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Herat’s silk weavers struggle to keep an ancient trade alive

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by Beatrice Khadige
Mon Oct 15, 7:28 AM ET

HERAT, Afghanistan (AFP) – An important stop on the ancient Silk Route, the beautiful city of Herat has for centuries lured travellers and businessmen.

But today it is fighting to keep alive one of the symbols of this splendid past — silk spun from the delicate cocoons of silk worms.

About 120 kilometres (74 miles) east of the Iranian border, the key city in the 14th century Timurid empire of conqueror Tamerlane still prides itself on the skill of producing the precious material.

But the small industry is being crushed by competition from China, which has 70 percent of the world silk market, and its neighbours Pakistan and Iran.

Of the 156 enterprises in the province, few are dedicated to the production of silk and only 100 families make their living from the craft. This is a marked drop from a few years ago.

“In 2002 there were more than 300 manufacturers with 800 employees in the province,” says the head of Herat province’s trade unions, Abdul Qadir Akbari.

“We prefer to invest in products that are easy to export, like biscuits sold in the neighbouring former Soviet republics,” explains the secretary of the province’s separate industrial union, Mir Mohammad Mashouf.

In Afghanistan the delicate work of producing silk is still done by hand because there is no money to bring in modern machines, says Akbari, himself involved in sericulture.

“It takes between 45 and 50 days for an average family of five people to raise 40 kilogrammes (88 pounds) of cocoons,” he says.

“We give them boxes imported from China that contain the leaves of the white mulberry tree to feed the eggs, which will develop into the cocoons,” he says.

The next stage is unravelling the cocoon, when one has to avoid breaking the fine thread that can reach between 300 and 1,500 metres (yards).

In Herat, just four to five manufacturers are in the industry and they “barely survive,” says Akbari.

Ghalem Haidar Azimi runs his business from an old suburb of mudbrick houses.

His dozen employees work eight hours a day, six days a week, to produce 40 kilogrammes a month of rough silk which he says he can sell for 40 dollars a kilogramme. This thread then has to be treated and refined.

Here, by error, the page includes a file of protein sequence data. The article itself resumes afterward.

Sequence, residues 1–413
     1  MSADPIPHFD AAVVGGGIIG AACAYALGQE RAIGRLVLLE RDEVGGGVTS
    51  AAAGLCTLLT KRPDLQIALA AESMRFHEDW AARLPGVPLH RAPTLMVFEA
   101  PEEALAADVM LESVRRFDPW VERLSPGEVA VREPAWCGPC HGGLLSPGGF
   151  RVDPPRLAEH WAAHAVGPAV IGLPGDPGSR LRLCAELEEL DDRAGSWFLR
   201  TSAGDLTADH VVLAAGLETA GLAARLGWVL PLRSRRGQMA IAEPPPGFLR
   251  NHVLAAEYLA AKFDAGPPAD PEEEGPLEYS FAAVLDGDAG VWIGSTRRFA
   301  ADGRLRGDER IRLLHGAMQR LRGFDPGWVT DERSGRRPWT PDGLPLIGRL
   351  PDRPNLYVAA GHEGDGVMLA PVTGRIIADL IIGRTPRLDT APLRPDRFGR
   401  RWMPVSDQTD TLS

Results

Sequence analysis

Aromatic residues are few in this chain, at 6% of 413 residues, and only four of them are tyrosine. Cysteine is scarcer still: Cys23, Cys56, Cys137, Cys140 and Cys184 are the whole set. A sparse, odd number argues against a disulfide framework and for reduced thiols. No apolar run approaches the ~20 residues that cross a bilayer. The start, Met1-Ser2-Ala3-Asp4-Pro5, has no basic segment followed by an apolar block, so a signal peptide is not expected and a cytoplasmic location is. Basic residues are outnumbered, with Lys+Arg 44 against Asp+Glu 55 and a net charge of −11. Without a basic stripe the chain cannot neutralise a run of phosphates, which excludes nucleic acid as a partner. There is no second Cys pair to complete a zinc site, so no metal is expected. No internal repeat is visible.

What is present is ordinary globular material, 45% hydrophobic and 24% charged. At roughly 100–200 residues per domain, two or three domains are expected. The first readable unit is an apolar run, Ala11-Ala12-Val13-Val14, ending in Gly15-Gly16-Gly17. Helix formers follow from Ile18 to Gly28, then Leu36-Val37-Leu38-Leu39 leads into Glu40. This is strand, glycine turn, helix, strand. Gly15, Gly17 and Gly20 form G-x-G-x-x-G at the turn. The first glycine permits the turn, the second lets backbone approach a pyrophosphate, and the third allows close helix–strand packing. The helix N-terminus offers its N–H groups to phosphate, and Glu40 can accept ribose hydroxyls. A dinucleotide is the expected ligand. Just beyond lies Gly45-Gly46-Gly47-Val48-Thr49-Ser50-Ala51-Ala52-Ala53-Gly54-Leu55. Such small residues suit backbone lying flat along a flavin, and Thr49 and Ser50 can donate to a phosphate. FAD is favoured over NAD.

It is too expensive to hope to export on a world market where one can bargain for silk half the price.

“Here we find silk from China and more often a Pakistani imitation (polyester) much cheaper,” says Azimi.

Mohammad Amine, who runs a fabric shop near the city’s landmark Friday Mosque, says: “Today, artificial silk from Pakistan costs 20 dollars for a quarter kilogramme, already dyed. Here, four kilogrammes of silk costs 160 dollars and it still has to be dyed.”

The Pakistani thread is also easier to use, says this former warrior who lost a leg fighting the Taliban in the 1990s. “In one day, we can make three shawls with this material, compared to one with the real silk from here.”

Silk shawls are prized in the region. Men traditionally keep them for their turbans, even though it’s a sign of wealth forbidden by Islamic teaching.

“It is hard work that benefits few people,” says Jamshedi Ghulam Mohammad, an expert in their manufacture.

There are also silk carpets, he says, although those from Iran are more valued.

“Thirty years ago, Afghan silk carpets sold well: 75 percent of them were exported compared to hardly two percent today,” Mohammad said.

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Written by afghandevnews

October 16, 2007 at 2:57 pm

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